Authenticity is the soul shift to transparency. Rather than conceal and pretend, you reveal and discover. Thousands of people have been thrilled to discover new aspects of themselves and their partners when they shared simple truths, said unarguable things to each other with the intention to reveal. That's one reason we say that the biggest sex organ in your body is between your chin and your chest. The more you vibrate your voice box authentically, the more new possibilities for co-creating open. You ask, "What can I say that is authentic? How can I invite authenticity in others?"

Wondering, is a soul shift that generates enormous co-creativity. Wonder is the opposite of making yourself right and making others wrong. When we wonder, we evoke whole-body and whole-brain learning by approaching life with curiosity. Instead of blaming and finding fault, we enhance co-creating when we "wonder how I'm contributing to this issue? I wonder what I really want here? I wonder..."

Co-creativity flourishes in a playful atmosphere and withers under the sharp glare of criticism and judgment. Anytime you can shift from the conviction that this time you really are right, and furthermore, this is not at all funny, to play, co-creating blossoms. A radical question that invokes play is, "How can my learning be friendly and fun?"

Co-creating is a constantly renewable game. You can develop skill at this game even if you have had little previous training. One practice we have developed is what we call bouncing the ball. To illustrate, if one of us makes a pun, the other returns the ball by making another even if it evokes groans. Sometimes we just have a two-bounce game; sometimes a rally erupts. Another example: Gay may start singing in the kitchen. I'll do my best to add a line or do the bass do-wop chorus. Why? For the sake of play, to exercise co-creative muscles and develop a foundation to share the field of creative possibilities when the opportunity arises. Natalie Goldberg describes this training for writers in a way that applies to all creativity:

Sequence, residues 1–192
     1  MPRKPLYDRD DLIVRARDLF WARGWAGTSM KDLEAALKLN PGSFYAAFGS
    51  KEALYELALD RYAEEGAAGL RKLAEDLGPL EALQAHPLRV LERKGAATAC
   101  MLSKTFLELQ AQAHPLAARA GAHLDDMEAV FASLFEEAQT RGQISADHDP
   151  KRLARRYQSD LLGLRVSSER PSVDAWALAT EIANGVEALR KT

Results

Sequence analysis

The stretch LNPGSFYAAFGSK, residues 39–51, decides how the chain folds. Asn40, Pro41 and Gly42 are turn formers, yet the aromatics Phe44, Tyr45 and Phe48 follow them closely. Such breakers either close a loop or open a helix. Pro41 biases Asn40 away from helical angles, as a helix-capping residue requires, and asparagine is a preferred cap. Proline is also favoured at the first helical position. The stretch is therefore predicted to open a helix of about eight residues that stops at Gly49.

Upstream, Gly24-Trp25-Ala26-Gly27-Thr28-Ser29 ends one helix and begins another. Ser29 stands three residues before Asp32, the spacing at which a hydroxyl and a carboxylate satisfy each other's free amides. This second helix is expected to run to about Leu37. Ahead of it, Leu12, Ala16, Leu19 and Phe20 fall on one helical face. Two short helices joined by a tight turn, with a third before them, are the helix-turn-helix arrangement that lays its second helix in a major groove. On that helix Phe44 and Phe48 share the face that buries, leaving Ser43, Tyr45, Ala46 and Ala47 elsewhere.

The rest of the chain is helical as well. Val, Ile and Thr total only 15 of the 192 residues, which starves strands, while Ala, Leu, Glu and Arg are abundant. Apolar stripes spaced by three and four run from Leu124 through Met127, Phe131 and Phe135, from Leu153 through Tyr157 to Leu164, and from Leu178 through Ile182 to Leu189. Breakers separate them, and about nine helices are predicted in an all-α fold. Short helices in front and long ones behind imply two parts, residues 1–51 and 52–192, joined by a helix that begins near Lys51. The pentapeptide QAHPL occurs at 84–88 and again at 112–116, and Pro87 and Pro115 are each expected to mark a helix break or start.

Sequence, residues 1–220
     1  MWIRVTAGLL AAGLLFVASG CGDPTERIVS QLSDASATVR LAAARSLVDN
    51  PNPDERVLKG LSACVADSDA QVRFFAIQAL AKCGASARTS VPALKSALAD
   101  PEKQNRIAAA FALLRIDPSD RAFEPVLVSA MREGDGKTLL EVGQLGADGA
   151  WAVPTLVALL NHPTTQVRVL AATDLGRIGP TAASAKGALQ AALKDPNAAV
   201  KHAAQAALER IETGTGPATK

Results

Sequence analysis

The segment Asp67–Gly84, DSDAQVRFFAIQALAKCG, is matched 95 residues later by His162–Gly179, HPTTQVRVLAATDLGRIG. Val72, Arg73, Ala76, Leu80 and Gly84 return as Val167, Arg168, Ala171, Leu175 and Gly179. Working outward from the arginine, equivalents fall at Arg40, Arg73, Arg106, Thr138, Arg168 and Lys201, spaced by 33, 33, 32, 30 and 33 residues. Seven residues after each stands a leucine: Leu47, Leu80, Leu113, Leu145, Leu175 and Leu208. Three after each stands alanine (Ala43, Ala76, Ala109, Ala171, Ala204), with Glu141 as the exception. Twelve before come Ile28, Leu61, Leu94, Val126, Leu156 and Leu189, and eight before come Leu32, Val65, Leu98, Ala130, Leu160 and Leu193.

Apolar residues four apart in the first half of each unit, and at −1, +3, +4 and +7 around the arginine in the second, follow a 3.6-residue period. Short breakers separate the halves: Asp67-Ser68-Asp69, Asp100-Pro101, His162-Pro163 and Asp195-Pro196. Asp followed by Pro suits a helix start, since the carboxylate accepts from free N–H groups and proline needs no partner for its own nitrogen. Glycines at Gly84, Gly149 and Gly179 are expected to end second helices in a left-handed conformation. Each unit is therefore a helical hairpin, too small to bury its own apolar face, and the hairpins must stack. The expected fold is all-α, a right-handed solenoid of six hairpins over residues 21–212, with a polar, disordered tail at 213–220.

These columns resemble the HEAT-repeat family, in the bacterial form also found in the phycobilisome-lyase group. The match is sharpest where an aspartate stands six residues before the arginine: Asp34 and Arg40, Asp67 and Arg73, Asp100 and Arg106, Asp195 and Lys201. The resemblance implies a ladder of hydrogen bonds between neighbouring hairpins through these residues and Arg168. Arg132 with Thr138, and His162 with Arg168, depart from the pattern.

"We aren't running everything, not even the writing process we do. At the same time, we must keep practicing. It is not an excuse to not write and sit on the couch eating bonbons. We must continue to work the compost pile, enriching it and making it fertile so that something beautiful may bloom and so that our writing muscles are in good shape to ride the universe when it moves through us."

When Gay and I first began to focus on developing co-creativity together, we found that interrupting routines gently jiggled us out of predictable, flat interactions with each other. I remember one period of time when we changed the side of the bed where we slept randomly over several weeks. We interrupted routines by having breakfast for dinner, communication routines by singing or miming our messages to each other, and role routines by taking on tasks that the other usually did. Gay learned to cook, and I often drove on long trips. Since many couples use their relationships as an excuse to slip into a trance, interrupting routines is a quick way to generate the energy for co-creative play.

The most powerful step you can take to open creating together is to commit your full energy. Close the door to making yourself right, and put your focus on generating wonder, play, authenticity and gratitude. When you turn your attention from complaint to contribution, the whole universe celebrates.